PubMed | Seattle Childrens Hospital, University of Washington, University of Alabama at Birmingham, Baylor College of Medicine and 3 more.
Type: | Journal: Annals of surgical oncology | Year: 2017

Pediatric breast malignancies are rare, and descriptions in the literature are limited. The purpose of our study was to compare pediatric and adult breast malignancy.We performed a retrospective cohort study using the National Cancer Data Base comparing patients 21years to those >21years at diagnosis (1998-2012). Generalized linear models estimated differences in demographic, tumor, and treatment characteristics. Cox regression was used to compare overall survival.Of 1,999,181 cases of invasive breast malignancies, 477 (0.02%) occurred in patients 21years. Ninety-nine percent of adult patients had invasive carcinoma compared with 64.8% of pediatric patients with the remaining patients having sarcoma, malignant phyllodes, or malignancy not otherwise specified (p<0.001). Pediatric patients were twice as likely to have an undifferentiated malignancy [relative risk (RR) 2.19; 95% confidence interval (CI) 1.72-3.79]. Half of adults presented with Stage I disease compared with only 22.7% of pediatric patients (p<0.001). Pediatric patients were 40% more likely to have positive axillary nodes (RR 1.42; 95% CI 1.10-1.84). Among patients with invasive carcinoma, pediatric patients were more than four times as likely to receive a bilateral than a unilateral mastectomy compared with adults (RR 4.56; 95% CI 3.19-6.53). There was no difference in overall survival between children and adults.Pediatric breast malignancies are more advanced at presentation, and there is variability in treatment practices. Adult and pediatric patients with invasive carcinoma have similar overall survival.

PubMed | Seattle Childrens Hospital, University of Washington, Baylor College of Medicine, John Wayne Cancer Institute and 4 more.
Type: | Journal: Journal of pediatric surgery | Year: 2016

Though the volume-outcome relationship has been well-established in adults, low mortality rates and small sample sizes have precluded definitive demonstration in children. This study compares treatment-specific factors for children with nephroblastoma at high (HVC) versus low volume centers (LVC).We performed a retrospective cohort study comparing patients 18years with unilateral nephroblastoma treated at HVCs and LVCs using the National Cancer Data Base (1998-2012). Definitions of HVCs included performing above the median, the upper two quartiles, and the highest decile of nephroblastoma resections. Outcomes included nodal sampling, margin status, time to chemotherapy and radiation, and survival. Statistical analyses included Of 2911 patients from 210 centers, 1443 (49.6%) were treated at HVCs. There was no difference in frequency of preoperative biopsy or days to radiation (p>0.05). High volume centers were more likely to perform nodal sampling (RR 1.04, 95%CI 1.01-1.08) and had fewer days to chemotherapy (RR 0.80, 95%CI 0.69-0.93). Five-year survival was similar (HVC: 0.93, 95%CI 0.92-0.94; LVC: 0.93, 95%CI 0.91-0.94).HVCs were more likely to perform nodal sampling and had fewer days to chemotherapy. There was no difference in days to radiation or survival between centers.Level II (retrospective prognosis study).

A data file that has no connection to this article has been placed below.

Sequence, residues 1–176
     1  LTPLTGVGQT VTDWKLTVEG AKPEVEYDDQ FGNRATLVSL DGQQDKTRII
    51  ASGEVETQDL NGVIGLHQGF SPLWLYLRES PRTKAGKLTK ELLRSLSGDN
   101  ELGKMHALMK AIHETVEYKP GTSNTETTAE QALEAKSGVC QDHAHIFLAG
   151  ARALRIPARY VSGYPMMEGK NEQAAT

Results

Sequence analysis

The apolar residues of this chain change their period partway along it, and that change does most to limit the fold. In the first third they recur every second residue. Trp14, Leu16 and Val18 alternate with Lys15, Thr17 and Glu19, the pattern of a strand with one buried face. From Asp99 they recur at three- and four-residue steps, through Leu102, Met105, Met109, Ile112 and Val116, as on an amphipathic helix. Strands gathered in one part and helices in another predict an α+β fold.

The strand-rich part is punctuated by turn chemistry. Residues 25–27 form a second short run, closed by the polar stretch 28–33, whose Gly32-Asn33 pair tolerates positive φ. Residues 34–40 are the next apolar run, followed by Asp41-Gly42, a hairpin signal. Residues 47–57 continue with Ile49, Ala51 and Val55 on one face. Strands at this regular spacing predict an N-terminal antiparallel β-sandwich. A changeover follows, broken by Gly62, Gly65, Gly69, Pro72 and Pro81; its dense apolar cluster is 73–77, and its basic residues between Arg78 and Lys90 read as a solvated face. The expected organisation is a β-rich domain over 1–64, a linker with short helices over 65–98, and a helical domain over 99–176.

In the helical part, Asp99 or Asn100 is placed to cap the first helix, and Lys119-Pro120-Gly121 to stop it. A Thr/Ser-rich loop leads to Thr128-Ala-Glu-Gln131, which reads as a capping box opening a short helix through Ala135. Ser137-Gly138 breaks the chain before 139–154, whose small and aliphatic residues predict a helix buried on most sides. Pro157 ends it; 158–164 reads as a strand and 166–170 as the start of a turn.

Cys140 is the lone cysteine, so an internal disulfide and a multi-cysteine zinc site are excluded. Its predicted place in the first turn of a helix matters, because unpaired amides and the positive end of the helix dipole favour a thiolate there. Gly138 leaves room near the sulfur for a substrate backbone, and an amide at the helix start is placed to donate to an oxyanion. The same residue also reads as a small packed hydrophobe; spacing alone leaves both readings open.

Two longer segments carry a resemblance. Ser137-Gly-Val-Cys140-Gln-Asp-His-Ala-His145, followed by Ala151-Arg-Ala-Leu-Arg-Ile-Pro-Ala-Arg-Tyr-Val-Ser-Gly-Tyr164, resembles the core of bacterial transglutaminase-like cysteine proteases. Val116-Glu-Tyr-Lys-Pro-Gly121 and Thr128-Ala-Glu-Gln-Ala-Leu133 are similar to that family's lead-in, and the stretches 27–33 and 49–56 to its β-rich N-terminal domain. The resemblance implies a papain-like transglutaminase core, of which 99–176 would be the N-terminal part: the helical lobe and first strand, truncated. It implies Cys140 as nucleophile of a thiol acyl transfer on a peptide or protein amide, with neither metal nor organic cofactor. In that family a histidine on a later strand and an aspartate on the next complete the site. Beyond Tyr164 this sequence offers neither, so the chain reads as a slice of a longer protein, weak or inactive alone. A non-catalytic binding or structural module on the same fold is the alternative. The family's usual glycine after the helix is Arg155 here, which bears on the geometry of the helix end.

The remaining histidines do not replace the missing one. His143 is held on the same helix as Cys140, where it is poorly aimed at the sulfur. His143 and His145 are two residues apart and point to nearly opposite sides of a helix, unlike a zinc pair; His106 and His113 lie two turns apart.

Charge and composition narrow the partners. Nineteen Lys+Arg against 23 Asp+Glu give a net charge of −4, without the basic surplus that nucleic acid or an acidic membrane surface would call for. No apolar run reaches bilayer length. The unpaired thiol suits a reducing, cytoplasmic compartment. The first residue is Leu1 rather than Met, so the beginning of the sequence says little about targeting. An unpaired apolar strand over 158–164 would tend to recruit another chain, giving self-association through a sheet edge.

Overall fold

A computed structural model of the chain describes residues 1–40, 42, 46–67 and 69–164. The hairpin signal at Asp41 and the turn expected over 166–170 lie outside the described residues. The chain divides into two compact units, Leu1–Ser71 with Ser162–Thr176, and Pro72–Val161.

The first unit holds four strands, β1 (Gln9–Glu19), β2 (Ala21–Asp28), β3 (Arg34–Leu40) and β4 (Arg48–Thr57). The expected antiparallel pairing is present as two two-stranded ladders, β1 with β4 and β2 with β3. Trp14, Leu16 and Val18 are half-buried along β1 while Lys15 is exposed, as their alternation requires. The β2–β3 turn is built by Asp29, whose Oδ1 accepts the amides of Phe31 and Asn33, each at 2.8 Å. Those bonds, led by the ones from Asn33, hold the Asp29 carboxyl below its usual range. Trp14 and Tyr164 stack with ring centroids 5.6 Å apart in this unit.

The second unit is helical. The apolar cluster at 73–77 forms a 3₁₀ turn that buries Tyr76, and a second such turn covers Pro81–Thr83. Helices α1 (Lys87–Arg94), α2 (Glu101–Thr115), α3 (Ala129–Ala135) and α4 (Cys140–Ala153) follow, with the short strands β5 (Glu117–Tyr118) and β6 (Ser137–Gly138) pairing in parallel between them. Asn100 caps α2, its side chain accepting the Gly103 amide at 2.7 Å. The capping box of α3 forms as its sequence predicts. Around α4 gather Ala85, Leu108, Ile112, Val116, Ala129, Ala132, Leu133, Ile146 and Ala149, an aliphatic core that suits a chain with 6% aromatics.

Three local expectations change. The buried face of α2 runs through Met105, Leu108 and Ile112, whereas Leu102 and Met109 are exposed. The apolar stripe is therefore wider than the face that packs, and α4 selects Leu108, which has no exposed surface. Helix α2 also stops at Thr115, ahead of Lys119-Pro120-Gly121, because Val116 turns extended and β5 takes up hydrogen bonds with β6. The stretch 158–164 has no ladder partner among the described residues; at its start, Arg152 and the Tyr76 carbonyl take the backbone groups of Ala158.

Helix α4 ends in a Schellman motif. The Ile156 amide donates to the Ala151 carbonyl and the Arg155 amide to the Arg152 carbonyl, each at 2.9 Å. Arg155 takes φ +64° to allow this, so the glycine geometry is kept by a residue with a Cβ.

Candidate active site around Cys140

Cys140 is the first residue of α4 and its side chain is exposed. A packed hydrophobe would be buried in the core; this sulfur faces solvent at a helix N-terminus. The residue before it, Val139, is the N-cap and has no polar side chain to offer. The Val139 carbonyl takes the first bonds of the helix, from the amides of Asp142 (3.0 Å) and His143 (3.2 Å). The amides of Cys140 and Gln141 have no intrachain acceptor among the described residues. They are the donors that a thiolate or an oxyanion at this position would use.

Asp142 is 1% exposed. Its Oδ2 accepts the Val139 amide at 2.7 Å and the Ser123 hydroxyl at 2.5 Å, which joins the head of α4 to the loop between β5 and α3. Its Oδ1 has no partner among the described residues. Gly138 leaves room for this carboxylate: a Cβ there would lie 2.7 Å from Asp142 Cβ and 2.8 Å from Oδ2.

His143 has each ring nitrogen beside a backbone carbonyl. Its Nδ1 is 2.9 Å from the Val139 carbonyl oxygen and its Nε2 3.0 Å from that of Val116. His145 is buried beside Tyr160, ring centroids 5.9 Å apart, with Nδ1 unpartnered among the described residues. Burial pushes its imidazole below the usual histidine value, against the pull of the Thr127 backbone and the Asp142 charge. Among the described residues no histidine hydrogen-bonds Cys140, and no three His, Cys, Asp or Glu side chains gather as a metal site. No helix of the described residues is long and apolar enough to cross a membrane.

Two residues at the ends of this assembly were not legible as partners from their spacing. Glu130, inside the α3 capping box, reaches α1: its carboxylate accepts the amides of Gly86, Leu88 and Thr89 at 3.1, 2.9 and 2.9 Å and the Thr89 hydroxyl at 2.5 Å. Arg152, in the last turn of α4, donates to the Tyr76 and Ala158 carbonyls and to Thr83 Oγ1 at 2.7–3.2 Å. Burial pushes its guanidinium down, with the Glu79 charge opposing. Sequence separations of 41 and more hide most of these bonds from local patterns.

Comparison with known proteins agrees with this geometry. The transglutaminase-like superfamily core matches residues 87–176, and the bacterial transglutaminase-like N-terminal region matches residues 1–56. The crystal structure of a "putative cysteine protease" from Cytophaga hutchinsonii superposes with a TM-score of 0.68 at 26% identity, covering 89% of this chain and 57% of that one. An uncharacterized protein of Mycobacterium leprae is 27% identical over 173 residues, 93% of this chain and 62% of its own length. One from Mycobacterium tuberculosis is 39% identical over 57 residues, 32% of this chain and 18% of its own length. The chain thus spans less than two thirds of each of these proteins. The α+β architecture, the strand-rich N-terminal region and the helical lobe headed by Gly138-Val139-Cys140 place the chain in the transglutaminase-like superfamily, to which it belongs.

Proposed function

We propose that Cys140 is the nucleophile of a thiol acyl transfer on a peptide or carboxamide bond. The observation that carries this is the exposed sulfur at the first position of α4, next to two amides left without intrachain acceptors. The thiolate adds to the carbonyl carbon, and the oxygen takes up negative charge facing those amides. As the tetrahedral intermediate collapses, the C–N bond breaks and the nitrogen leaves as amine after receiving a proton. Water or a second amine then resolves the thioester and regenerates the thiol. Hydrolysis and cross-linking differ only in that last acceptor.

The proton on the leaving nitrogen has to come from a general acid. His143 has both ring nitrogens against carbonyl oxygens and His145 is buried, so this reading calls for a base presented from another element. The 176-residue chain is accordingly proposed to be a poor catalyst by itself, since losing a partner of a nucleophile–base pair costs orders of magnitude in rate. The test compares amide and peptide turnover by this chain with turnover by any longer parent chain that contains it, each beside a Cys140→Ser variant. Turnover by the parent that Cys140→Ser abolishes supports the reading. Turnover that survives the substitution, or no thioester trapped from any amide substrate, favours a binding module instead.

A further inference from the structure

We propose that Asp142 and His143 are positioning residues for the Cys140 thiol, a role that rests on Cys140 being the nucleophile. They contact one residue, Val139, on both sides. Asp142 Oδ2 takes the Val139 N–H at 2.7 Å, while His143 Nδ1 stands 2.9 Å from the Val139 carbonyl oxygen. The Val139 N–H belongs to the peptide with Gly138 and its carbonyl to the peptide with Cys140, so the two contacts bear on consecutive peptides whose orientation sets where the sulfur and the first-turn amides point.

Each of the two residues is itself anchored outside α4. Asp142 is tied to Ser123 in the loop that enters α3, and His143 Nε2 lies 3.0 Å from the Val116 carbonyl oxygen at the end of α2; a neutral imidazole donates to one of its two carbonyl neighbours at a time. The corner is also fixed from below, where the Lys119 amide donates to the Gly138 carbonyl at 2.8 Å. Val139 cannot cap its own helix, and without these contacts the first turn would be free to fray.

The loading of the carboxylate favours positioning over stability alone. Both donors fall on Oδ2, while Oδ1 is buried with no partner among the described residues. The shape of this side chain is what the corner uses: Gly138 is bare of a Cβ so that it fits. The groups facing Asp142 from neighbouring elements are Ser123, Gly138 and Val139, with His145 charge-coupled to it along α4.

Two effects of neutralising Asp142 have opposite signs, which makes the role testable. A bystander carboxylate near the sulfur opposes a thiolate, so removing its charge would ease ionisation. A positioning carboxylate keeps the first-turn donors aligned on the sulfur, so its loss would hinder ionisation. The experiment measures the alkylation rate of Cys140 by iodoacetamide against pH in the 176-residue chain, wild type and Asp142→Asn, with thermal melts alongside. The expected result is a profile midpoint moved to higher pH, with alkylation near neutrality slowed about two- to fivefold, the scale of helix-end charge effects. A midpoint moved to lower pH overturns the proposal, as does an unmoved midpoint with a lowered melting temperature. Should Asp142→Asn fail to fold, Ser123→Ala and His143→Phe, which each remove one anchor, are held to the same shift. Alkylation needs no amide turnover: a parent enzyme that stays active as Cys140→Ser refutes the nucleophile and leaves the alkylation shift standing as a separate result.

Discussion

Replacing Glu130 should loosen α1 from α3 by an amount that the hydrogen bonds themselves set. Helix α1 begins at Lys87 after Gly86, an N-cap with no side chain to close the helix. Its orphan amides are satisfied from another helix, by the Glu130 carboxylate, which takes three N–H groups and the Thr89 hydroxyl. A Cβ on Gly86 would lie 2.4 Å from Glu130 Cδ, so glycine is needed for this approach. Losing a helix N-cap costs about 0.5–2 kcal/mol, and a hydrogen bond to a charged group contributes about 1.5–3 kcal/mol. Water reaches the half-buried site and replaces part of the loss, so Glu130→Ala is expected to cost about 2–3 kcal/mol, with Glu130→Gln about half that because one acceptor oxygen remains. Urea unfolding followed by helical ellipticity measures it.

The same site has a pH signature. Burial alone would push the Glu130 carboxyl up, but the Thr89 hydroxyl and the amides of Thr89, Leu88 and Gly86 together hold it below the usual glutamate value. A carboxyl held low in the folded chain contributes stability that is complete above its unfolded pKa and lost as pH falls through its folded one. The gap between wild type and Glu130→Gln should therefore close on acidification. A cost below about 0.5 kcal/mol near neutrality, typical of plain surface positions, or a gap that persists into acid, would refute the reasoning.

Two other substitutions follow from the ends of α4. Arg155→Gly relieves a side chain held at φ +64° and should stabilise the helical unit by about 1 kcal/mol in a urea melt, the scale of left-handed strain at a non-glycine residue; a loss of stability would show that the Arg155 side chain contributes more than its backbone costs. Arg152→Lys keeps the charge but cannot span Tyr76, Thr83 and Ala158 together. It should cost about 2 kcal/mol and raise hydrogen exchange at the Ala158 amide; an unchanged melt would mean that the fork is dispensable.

Chaleff S.,Maine Childrens Cancer Program | Hurwitz C.A.,Maine Childrens Cancer Program | Chang M.,University of Florida | Dahl G.,Stanford University | And 2 more authors.
British Journal of Haematology | Year: 2012

Relapse remains the leading cause of death in patients with acute myeloid leukaemia (AML). Relatively few new chemotherapy agents have been proven to be effective in this population. We report on a Phase 2 clinical trial using the novel combination of 2-chlorodeoxyadenosine (2-CDA) (8mg/m 2 per d×5d) plus idarubicin (Ida) (10mg/m 2 per d×3d). The study involved 109 paediatric patients with AML at first relapse, of whom 104 were available for analysis. The overall response rate was 51% (complete response [CR]+partial response) with a CR rate of 46%. 2-year event-free survival (EFS) and overall survival (OS) were 20% and 26%. The only significant variable in determining response, EFS and OS was duration of initial remission, with patients who had an initial remission >1year having much worse outcomes overall (response rate 74% vs. 25%, EFS 8% vs. 37% and OS of 16% vs. 39%, P<0·01 for all). There was an acceptable toxicity profile with one neurological event and no cardiac events observed. The most common grade 3-4 toxicities observed were neutropenia (59%) and thrombocytopenia (68%). This study demonstrated that the novel combination of 2-CDA/Ida was effective and should be considered for incorporation in front line therapy for children with AML. © 2011 Blackwell Publishing Ltd.